22 Sep 1870 – Allegedly obtained a mare under false pretences. Appeared at Norwich Quarter Sessions. The mare, valued at 20l, 10s, was the property of one Richard Hinde of Brockdish. Daniel, of Redgrave, offered to buy the mare after it was withdrawn from sale on 20 Sep 1870 having not reached its anticipated price. Daniel offered purchase at the asking price if he could have a written warranty. Richard agreed but told Daniel not to pay until he “fetched it away”. Daniel wrote a cheque on collection of the mare, asking Richard not to present it until Saturday. Richard paid it in on Thursday, and on Saturday had it returned with “no account” written across it. Richard sorted out a summons on the following Monday, but by the next Wednesday Daniel presented a veterinary certificate to Richard claiming the mare to be unsound and Richard took the horse back under protest. Richard said he had not initially taken the money because Daniel wasn’t sober on the day of the original sale – the veterinary surgeon, hearing this, said that despite not being sober, Daniel “knew what he was about”. A Bank Manager confirmed Daniel’s account was closed in December 1868 but could not say whether he was intending to reopen an account before Saturday. Daniel was found guilty but the case was referred to the Court of Criminal appeal, Daniel being sentenced to four months’ hard labour, subject to the decision of the superior court. Bury and Norwich Post, 25 Oct 1870.

11 Jan 1871 – Acquitted on all charges.

1871 – Census records Daniel with wife Frances and four children in Denton. Annuitant.

21 Jun 1881 – Drunk in charge of a horse and trap. Convicted and fined 1l and costs at Harleston Petty Sessions 8 July 1881. Now of Brockdish. Reported in Ipswich Journal, 12 July 1881.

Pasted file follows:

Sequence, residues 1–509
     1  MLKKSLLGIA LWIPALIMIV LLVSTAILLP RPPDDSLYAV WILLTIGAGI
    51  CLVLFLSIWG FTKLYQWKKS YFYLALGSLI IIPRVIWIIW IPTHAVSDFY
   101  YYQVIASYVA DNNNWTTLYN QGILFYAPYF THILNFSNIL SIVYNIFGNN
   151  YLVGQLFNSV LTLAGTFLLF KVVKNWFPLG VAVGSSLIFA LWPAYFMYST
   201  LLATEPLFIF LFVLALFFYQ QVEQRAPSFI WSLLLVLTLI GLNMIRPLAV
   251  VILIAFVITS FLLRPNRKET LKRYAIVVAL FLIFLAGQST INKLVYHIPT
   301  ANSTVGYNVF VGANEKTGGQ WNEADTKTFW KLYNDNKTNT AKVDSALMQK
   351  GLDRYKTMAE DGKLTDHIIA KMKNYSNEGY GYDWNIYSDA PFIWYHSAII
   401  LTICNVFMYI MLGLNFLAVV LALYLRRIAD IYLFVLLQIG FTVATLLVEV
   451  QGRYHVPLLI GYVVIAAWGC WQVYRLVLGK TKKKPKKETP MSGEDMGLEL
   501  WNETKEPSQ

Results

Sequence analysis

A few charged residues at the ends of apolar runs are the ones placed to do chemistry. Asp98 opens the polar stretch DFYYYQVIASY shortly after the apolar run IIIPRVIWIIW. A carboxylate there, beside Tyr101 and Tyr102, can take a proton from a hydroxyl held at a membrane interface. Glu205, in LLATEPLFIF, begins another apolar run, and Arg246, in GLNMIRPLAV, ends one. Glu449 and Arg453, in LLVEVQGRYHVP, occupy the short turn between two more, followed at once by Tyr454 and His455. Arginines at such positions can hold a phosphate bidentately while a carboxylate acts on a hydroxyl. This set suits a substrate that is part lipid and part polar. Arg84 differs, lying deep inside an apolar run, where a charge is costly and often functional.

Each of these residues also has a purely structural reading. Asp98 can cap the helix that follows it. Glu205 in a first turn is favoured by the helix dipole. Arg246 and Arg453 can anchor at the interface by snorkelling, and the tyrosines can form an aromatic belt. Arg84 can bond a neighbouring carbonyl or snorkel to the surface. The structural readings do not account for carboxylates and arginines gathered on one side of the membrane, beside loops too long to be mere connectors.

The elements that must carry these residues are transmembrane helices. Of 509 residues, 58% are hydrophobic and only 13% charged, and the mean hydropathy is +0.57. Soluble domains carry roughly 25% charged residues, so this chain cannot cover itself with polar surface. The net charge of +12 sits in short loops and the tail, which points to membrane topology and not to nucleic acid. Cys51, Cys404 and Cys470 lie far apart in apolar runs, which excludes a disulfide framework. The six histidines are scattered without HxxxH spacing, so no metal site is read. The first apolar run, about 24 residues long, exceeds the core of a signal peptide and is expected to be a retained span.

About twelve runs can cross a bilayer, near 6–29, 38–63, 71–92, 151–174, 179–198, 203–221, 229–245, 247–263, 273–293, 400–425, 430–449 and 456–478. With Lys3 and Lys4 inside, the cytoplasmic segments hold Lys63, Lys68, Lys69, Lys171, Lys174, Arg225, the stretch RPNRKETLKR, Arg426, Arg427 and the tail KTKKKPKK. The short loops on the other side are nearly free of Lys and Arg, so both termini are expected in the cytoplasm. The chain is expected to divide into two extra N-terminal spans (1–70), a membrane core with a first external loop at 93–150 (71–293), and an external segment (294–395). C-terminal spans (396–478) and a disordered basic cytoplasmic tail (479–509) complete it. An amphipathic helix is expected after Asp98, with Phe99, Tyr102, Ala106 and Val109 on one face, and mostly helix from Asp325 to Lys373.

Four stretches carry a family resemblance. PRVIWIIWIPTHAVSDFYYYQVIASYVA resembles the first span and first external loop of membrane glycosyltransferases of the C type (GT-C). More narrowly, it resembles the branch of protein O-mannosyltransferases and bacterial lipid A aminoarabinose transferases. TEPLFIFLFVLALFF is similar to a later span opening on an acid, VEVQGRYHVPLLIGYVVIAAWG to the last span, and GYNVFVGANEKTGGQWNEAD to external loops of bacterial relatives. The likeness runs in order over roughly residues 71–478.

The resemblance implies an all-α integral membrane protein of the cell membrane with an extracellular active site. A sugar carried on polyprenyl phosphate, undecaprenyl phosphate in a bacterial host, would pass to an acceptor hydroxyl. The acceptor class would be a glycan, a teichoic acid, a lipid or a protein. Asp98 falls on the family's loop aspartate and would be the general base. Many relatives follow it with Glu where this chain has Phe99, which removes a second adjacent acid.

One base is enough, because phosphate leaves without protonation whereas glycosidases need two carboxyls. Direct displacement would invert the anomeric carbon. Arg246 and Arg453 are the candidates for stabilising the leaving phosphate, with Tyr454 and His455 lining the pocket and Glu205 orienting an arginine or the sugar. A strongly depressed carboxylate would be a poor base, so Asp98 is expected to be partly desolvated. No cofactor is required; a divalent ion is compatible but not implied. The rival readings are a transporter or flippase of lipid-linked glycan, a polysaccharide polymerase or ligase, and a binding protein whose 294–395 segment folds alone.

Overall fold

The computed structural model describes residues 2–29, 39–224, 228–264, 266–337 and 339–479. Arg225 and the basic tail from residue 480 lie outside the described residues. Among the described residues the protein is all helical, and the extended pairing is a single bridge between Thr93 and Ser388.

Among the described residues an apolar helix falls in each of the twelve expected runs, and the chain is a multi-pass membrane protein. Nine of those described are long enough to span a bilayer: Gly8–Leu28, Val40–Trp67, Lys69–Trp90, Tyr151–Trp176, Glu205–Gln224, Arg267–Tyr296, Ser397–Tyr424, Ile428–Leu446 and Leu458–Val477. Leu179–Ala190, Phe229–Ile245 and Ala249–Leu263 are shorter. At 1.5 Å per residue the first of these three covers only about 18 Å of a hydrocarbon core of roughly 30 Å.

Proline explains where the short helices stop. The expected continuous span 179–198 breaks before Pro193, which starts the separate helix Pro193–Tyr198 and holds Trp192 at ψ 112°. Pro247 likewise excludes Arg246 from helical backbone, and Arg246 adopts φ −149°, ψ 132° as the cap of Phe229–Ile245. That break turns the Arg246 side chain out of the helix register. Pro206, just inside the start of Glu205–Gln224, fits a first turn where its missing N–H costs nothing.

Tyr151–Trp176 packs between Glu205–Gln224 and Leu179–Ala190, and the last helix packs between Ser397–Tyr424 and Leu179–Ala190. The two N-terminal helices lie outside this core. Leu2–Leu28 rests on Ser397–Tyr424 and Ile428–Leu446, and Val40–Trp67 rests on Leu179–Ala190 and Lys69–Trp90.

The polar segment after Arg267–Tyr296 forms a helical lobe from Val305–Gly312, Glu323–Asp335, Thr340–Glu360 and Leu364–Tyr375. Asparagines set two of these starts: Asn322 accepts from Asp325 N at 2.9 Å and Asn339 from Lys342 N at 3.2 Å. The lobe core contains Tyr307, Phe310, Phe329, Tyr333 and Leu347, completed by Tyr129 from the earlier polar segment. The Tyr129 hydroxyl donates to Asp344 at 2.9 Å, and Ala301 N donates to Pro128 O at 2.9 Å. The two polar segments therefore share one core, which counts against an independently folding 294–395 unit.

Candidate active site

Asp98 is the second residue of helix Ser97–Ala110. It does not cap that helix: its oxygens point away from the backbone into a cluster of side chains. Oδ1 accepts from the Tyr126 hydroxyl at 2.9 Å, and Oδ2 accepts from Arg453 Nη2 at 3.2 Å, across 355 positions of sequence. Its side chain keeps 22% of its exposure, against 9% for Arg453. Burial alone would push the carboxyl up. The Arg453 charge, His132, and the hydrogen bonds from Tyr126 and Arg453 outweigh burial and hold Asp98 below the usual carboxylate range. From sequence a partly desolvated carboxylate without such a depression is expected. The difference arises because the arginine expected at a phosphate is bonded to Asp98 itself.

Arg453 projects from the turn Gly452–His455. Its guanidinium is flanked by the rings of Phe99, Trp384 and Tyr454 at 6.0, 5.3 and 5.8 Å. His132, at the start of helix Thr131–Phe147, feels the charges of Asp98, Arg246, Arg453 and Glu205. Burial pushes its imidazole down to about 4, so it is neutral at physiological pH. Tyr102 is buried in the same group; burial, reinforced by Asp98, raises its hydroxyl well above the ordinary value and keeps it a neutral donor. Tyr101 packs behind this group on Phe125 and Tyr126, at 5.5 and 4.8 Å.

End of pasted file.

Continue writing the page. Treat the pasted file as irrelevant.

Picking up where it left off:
1881 Census – On census as farmer who has let farm in allotments. Living with wife, three children and a grandson.

19 Feb 1884 – Death of daughter Jane Taylor at her home at the Vale, Buxhall, Suffolk, aged 26. Reported as Daniel’s daughter in Ipswich Journal, 1 Mar 1884 and Bury and Norwich post 4 Mar 1884.

21 Aug 1885 – Before Harleston Petty Sessions for wilful damage of a door, along with a son. The pair were charged by Daniel Bridgman Walne, the elder Daniel’s eldest child. Daniel, of Brockdish, pleaded guilty. At 2am on 9 Aug 1885 he and his son had visited Daniel Junior’s property. Having made a lot of noise and sworn at his son, Daniel threw a stone at a door causing 2s worth of damage. Daniel’s other son shouted for his brother to “come out and fight”. After a time, Daniel senior and the other son left the property singing “For he’s a jolly good fellow”. Daniel was fined £1, damages 2s and costs 11s. His other son was bound over to keep the peace. Published in the Ipswich Journal 25 Aug 1885.

2 Feb 1888 – Frances appears in the High Court of Justice, Queen’s Bench, suing a solicitor for monies taken from a personal inheritance to pay debts owed by her husband. She is noted as living on some property in Brockdish owned by Mr Daniel Walne. The case occupied the court for upwards of two days and in the end, the justice found in favour of Frances who was awarded £1715 3s 4d and £155 interest. Reported in the Morning Post and The Standard, London, 3 Feb 1888. Using TNA Currency converter this equates to around £103,000 in today’s money. 

1891 – Recorded as yeoman on census living in Brockdish with a daughter, grand daughter and servant. Frances with eldest son Daniel Bridgman in Barsham.

19 Oct 1891 – Appears at Mildenhall County Court. Judge finds for the plaintiff in a debt case against Daniel for £11 0s 2d. Reported in the Bury and Norwich Post, 27 Oct 1891.

30 Oct 1891 – Death at home. Reported in the Ipswich Journal, 7 Nov 1891.

5 Nov 1891 – Burial at Pulham Market St Mary.